There is no normal or reference microbiome!

One of the common misconception is that there is a “normal” microbiome that can be used as a reference.  Below is a chart from “Metagenomic sequencing of fecal DNA“. Diet makes a major impact on the distribution and volume of the bacteria.

  • “In a study of gut bacteria of children in Burkina Faso (in Africa), Prevotella made up 53% of the gut bacteria, but were absent in age-matched European children.”[2010]

The chart below is for healthy individuals in 12 different countries.  In some cases neighboring very similar countries (Sweden [SE] and Denmark [DK]) have very different compositions.

world

This great variation means that testing the microbiome can only be done as group of individuals living in the same area with similar eating habits…. An individual result without reference from people with the same eating habits and possibly ethnic background is very fuzzy to interpret. Yes, highlights may be common — like low E.Coli, Lactobacillus and Bifidobacteria….  but they likely apply to no more than 80-90%, the other CFS patients may have different shifts.

People have asked me, “Did you get your microbiome done, what was it?” My honest answer was “No, such testing was not available when I last had CFS. I simply assumed that my pattern would be an appropriate match to that reported from the 1998 Australian studies”

Some Population Studies

“We analyzed the combined microbiome data from five previous studies with samples across five continents. We clearly demonstrate that there are no consistent bacterial taxa associated with either Bacteroides– or Prevotella-dominated communities across the studies. By increasing the number and diversity of samples, we found gradients of both Bacteroides and Prevotella and a lack of the distinct clusters in the principal coordinate plots originally proposed in the “enterotypes” hypothesis. The apparent segregation of the samples seen in many ordination plots is due to the differences in the samples’ Prevotella and Bacteroides abundances and does not represent consistent microbial communities within the “enterotypes” and is not associated with other taxa across studies.” [2016]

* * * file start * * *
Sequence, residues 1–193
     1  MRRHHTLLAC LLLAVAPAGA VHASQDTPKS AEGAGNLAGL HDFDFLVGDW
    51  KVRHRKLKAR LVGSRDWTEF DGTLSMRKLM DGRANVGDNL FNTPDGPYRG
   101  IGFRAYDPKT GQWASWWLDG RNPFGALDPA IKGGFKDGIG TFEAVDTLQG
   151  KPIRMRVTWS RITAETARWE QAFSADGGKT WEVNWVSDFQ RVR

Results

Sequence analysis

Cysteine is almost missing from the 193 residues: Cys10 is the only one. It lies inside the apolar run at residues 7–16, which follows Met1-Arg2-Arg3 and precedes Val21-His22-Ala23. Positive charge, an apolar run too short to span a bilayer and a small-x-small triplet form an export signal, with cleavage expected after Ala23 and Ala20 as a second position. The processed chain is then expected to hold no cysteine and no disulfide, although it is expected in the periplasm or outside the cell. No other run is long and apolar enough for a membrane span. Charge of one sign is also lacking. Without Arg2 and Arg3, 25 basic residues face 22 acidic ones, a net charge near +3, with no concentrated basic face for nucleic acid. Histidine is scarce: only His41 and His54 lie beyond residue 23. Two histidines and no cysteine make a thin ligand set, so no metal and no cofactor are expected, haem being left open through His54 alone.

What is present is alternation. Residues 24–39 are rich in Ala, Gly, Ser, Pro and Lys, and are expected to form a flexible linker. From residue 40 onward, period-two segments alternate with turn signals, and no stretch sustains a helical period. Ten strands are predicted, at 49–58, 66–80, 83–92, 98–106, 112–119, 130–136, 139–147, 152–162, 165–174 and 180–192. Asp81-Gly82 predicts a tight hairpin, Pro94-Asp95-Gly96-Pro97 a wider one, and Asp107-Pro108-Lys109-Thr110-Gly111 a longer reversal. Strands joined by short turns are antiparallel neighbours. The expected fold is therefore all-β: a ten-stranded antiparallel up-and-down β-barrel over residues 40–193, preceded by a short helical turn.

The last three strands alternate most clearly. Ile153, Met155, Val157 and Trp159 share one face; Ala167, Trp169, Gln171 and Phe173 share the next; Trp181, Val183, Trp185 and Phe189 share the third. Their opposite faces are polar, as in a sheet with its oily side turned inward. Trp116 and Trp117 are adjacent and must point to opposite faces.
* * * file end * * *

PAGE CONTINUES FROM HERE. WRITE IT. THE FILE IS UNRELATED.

” All Egyptian gut microbial communities belonged to the Prevotella enterotype, whereas all but one of the U.S. samples were of the Bacteroides enterotype.

  • The intestinal environment of Egyptians was characterized by higher levels of short-chain fatty acids, a higher prevalence of microbial polysaccharide degradation-encoding genes, and a higher proportion of several polysaccharide-degrading genera.
  • Egyptian gut microbiota also appeared to be under heavier bacteriophage pressure.
  • In contrast, the gut environment of U.S. children was rich in amino acids and lipid metabolism-associated compounds; contained more microbial genes encoding protein degradation, vitamin biosynthesis, and iron acquisition pathways; and was enriched in several protein- and starch-degrading genera.
  • Levels of 1-methylhistamine, a biomarker of allergic response, were elevated in U.S. guts, as were the abundances of members of Faecalibacterium and Akkermansia, two genera with recognized anti-inflammatory effects.
  • The revealed corroborating differences in fecal microbiota structure and functions and metabolite profiles between Egyptian and U.S. teenagers are consistent with the nutrient variation between Mediterranean and Western diets.” [2017]

“This suggests that similarities between the Inuit diet and the Western diet (low fiber, high fat) may lead to a convergence of community structures and diversity. However, certain species and strains of microbes have significantly different levels of abundance and diversity in the Inuit, possibly driven by differences in diet.” [2017]

Bottom Line

IMHO: There is no clear definitive benefit from doing an individual microbiome testing — there is no reference that is reliable for it on an individual basis at a fine level of details. On the other hand, having results showing abnormalities help in several ways:

  • It encourages you to make changes in eating which will usually be for the better
  • It confirms that you have significant shifts and supports the concept that the gut is causing your symptoms.